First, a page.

'New' Migrants in the British Countryside


  • David Storey University of Worcester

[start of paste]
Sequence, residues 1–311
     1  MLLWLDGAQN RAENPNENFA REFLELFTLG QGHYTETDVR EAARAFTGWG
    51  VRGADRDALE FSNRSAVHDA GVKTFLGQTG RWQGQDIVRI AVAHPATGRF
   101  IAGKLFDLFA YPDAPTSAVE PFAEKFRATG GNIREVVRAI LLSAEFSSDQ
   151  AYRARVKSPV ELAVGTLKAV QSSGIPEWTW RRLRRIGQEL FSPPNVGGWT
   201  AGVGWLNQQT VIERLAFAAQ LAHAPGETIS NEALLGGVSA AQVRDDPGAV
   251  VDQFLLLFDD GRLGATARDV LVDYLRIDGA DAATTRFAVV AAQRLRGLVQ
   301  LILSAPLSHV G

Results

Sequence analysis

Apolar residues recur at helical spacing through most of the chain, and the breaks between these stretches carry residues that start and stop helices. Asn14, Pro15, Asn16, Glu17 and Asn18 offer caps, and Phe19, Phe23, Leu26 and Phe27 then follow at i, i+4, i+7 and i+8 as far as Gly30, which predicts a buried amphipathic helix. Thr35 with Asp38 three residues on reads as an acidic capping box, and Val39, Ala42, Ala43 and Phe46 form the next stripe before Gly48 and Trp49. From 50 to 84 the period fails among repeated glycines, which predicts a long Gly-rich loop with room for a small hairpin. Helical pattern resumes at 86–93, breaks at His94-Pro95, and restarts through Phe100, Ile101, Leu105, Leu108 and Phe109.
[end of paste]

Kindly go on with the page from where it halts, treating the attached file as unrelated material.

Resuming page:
The eastward expansion of the European Union (EU) in the early 2000s had a number of consequences. One of these, deriving from the EU principle of freedom of movement and the associated relaxation of border restrictions, was a marked increase in migration from the new member states into the longer established western ones. Within the United Kingdom much of that migration was towards larger urban centres, but a relatively high (and perhaps unexpected) proportion was to smaller towns, villages and more rural areas. This article explores the extent of this migration and, more specifically, it seeks to highlight some of the reactions to it. In doing so, there is a focus on rural parts of the English west midlands, in particular the county of Herefordshire. The article places this migratory movement within the context of increased east-west migration more generally, the regulatory environment surrounding it, and the broader responses to it at a national level. Keywords: migration, Eastern Europe, employment, media reactions, xenophobia